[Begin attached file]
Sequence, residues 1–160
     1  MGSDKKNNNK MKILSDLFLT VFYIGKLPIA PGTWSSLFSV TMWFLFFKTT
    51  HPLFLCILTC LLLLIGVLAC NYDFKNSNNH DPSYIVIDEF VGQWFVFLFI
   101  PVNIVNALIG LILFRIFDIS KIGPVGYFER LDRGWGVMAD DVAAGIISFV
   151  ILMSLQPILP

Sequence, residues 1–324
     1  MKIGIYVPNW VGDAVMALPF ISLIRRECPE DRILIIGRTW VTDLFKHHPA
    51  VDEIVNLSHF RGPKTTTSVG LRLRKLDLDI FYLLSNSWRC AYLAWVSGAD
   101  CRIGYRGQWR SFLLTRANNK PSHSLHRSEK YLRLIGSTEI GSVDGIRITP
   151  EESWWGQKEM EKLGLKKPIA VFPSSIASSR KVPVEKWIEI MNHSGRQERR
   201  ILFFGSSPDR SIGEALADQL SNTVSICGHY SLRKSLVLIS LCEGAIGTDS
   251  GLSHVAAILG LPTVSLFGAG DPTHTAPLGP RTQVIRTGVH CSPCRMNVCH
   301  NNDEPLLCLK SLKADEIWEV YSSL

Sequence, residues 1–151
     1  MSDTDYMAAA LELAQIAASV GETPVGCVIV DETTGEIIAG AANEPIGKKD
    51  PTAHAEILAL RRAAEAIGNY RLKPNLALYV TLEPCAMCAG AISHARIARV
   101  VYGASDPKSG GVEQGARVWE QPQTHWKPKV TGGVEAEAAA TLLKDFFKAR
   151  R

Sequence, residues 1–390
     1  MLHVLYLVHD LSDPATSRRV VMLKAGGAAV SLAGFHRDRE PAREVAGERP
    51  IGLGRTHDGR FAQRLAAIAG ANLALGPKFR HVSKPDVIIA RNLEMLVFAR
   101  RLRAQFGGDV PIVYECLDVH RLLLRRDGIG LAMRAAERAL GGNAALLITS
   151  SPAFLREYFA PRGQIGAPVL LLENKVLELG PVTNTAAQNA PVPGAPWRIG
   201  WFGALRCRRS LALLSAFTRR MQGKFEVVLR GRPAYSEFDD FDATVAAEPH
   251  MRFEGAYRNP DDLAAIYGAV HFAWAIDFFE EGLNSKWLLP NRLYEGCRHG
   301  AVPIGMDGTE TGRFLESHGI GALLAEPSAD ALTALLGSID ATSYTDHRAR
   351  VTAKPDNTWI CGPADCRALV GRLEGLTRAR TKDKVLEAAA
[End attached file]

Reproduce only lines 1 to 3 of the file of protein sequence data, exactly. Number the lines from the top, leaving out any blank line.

Sequence, residues 1–160
     1  MGSDKKNNNK MKILSDLFLT VFYIGKLPIA PGTWSSLFSV TMWFLFFKTT
    51  HPLFLCILTC LLLLIGVLAC NYDFKNSNNH DPSYIVIDEF VGQWFVFLFI